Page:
AVON LAKE — There’s a good chance Greg Miller’s Avon Lake neighbors may think he’s a double agent. Every now and then, the WEWS-TV senior account executive disappears for weeks on end.
It turns out the only thing clandestine about Miller is this rock ’n’ roller is one of the leaders of The Whiskey Daredevils, described as the last cowpunk band standing not only in Northeast Ohio but also stateside.
As for those trips, and there’s been roughly 10, that’s nothing more than Miller (vocals), Leo P. Love (drums), Rebecca “Sugar” Wildman (bass) and new member Hex Mattos (guitar) traveling overseas to play for its growing fan base in Germany and Belgium.
In fact, the quartet recently returned from a European jaunt. So how exactly does a Cleveland-based band whose members all have day jobs get an overseas following?
“We built an infrastructure there where we had a label, then we had a booking agent and it just sort of clicked,” said Miller, a Philadelphia native who has called Lorain County home for nearly 20 years. “People liked us.
“Europe is different than the United States in that people really have a sense of creative arts much more than they do here. In the United States, we view people who are performing artists as some sort of huckster, whereas over there it’s treated with much more respect. It’s fun to tour in that environment.”
Formed from the ashes of late 1990s/early 2000 garage-trash rock act The Cowslingers, The Whiskey Daredevils channel classic country, punk rock, rockabilly, surf and ’60s garage into a cowpunk sound heard on more than a dozen albums.
The latest effort is “American Songbook,” which includes Miller favorites the surf-instrumental “101.1 Gram Man Bracelet” and the rockabilly “Last Train to Berlin.” The band will be playing new tunes at its Grog Shop gig Friday.
“For this particular album, I definitely wanted to do a return to American music themes,” Miller said. “I’m talking like real solidly based in American roots and traditional American songs, but then, as usual, tweak them with punk rock and garage energy. Just make them go in unexpected places from where a traditional song would go.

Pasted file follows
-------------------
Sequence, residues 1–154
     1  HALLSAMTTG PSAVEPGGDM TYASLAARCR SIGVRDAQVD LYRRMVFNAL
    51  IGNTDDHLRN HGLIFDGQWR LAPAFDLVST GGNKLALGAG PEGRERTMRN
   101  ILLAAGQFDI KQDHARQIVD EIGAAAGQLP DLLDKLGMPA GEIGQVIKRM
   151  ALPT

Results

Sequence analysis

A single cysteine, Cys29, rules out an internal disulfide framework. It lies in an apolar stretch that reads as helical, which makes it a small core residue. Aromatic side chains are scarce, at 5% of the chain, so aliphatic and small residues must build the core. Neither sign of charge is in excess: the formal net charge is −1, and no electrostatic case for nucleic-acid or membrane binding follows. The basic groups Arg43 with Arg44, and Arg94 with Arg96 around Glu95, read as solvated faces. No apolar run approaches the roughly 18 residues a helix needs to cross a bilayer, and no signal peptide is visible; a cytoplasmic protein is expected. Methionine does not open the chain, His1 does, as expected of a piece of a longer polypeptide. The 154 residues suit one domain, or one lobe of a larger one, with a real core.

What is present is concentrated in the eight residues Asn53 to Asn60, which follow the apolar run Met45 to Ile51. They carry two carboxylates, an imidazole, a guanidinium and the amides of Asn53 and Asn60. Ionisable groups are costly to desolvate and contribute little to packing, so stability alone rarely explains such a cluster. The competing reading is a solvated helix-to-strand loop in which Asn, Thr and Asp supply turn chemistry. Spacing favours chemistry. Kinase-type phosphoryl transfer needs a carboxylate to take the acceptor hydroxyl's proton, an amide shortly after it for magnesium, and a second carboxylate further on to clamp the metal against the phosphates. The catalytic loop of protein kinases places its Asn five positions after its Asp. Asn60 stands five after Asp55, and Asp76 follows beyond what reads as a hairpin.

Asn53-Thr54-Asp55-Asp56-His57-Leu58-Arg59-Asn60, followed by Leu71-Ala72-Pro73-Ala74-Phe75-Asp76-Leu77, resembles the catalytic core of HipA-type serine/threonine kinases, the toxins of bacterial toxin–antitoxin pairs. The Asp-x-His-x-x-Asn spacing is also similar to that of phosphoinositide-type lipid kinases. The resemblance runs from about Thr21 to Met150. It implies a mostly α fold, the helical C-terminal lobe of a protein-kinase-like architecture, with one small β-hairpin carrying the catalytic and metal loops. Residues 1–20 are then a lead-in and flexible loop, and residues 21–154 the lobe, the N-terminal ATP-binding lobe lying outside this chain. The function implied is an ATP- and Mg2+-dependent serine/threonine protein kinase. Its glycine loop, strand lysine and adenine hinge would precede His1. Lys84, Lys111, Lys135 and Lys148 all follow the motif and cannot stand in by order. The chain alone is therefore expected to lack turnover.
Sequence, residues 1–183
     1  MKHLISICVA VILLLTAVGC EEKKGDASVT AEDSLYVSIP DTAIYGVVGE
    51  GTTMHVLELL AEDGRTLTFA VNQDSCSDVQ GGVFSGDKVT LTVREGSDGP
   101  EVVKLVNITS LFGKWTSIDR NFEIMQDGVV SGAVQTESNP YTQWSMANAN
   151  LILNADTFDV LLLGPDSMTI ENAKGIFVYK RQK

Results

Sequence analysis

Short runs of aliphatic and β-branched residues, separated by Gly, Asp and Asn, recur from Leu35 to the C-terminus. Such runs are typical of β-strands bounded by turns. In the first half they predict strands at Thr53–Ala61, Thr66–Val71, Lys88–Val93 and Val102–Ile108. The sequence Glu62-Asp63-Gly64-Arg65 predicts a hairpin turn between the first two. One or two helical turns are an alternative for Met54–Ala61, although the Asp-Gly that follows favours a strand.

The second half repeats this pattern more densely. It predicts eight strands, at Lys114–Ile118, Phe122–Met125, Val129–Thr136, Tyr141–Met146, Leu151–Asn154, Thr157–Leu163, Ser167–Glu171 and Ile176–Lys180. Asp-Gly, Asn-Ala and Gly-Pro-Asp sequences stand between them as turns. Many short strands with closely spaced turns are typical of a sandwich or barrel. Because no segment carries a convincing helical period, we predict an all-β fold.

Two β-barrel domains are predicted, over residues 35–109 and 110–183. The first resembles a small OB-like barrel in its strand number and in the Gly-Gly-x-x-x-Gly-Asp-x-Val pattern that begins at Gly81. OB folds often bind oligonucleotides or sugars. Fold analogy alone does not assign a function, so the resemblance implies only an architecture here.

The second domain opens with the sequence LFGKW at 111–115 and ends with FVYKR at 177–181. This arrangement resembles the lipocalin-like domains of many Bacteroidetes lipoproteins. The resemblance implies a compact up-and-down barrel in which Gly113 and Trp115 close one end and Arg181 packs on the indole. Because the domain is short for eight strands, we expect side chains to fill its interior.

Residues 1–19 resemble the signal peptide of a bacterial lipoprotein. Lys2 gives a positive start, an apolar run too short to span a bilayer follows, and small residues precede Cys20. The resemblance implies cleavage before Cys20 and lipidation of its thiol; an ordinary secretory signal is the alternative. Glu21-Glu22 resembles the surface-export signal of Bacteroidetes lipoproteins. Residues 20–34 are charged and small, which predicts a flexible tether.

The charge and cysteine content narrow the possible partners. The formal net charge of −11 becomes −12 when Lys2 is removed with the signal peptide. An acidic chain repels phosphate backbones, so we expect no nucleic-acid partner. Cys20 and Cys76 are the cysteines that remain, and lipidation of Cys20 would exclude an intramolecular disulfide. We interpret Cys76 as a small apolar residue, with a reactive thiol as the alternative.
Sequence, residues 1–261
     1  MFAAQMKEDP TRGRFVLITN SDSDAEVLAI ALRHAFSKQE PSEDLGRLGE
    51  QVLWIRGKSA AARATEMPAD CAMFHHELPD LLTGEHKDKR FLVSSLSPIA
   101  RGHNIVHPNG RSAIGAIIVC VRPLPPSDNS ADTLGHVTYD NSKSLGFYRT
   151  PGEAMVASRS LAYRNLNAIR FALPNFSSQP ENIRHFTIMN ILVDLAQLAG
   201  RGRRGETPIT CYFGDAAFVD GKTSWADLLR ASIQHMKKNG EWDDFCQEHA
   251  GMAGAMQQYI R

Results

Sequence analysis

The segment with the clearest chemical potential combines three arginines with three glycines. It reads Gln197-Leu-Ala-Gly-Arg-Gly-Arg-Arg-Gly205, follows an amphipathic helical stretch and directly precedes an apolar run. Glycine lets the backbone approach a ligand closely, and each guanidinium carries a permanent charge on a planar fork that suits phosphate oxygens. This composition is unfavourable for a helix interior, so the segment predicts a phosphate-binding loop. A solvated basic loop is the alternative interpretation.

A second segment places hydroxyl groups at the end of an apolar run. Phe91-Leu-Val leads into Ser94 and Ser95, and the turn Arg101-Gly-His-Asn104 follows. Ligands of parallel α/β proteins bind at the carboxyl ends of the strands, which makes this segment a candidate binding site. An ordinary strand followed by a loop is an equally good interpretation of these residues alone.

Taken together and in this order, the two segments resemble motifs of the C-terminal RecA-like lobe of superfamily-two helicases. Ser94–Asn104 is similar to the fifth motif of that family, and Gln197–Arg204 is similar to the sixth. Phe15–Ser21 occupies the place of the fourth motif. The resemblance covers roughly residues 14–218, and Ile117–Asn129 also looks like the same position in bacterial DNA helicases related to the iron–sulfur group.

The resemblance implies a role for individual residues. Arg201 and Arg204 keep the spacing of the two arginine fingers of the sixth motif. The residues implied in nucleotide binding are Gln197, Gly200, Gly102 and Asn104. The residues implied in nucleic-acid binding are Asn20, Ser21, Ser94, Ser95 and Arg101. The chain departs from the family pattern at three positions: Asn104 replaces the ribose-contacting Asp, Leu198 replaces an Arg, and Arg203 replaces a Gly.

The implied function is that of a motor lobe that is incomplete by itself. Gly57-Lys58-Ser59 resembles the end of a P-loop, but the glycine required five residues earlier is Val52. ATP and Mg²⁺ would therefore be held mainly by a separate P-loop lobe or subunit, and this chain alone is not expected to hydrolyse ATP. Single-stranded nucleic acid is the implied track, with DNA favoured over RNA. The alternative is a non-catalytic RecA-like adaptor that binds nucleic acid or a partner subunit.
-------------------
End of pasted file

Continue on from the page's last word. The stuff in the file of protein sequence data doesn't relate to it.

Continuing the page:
“I find so many roots-rock bands can be really boring, because they try imitate something that happened before. What I always find interesting is to take the form and then twist it in an unexpected way.”
As for Miller’s Avon Lake neighbors, the singer said he’ll go to his grave believing classic rock-loving fans would enjoy The Whiskey Daredevils if they would give the act a chance.
“I always run into the same problem with the band,” Miller said. “You talk to people who don’t know anything about anything and they go, ‘Oh, you have a band.’ To them, bands either play Quicken Loans Arena or a wedding reception they went to. They don’t know there’s a whole world that exists in which bands go to different cities in a circuit just like an arena rock circuit would be.
“I’ll tell them, ‘We’re sort of like if Johnny Cash and The Ramones made a band together.’ And sometimes you get that nod where people go, ‘Oh, OK. I get it,’ And you’re like, ‘I don’t think you do.’ But when you get down to it, we’re a straight ahead rock band. We just play rock ’n’ roll music.”